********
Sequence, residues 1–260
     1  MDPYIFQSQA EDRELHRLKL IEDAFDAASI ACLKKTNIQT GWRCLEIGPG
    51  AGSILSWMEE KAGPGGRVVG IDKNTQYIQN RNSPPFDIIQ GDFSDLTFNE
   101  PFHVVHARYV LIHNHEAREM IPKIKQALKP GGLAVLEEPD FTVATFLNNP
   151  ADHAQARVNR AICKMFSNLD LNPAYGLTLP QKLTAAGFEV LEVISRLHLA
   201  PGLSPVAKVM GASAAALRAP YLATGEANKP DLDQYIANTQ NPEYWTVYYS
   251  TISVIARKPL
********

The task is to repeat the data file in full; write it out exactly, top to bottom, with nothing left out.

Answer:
Sequence, residues 1–260
     1  MDPYIFQSQA EDRELHRLKL IEDAFDAASI ACLKKTNIQT GWRCLEIGPG
    51  AGSILSWMEE KAGPGGRVVG IDKNTQYIQN RNSPPFDIIQ GDFSDLTFNE
   101  PFHVVHARYV LIHNHEAREM IPKIKQALKP GGLAVLEEPD FTVATFLNNP
   151  ADHAQARVNR AICKMFSNLD LNPAYGLTLP QKLTAAGFEV LEVISRLHLA
   201  PGLSPVAKVM GASAAALRAP YLATGEANKP DLDQYIANTQ NPEYWTVYYS
   251  TISVIARKPL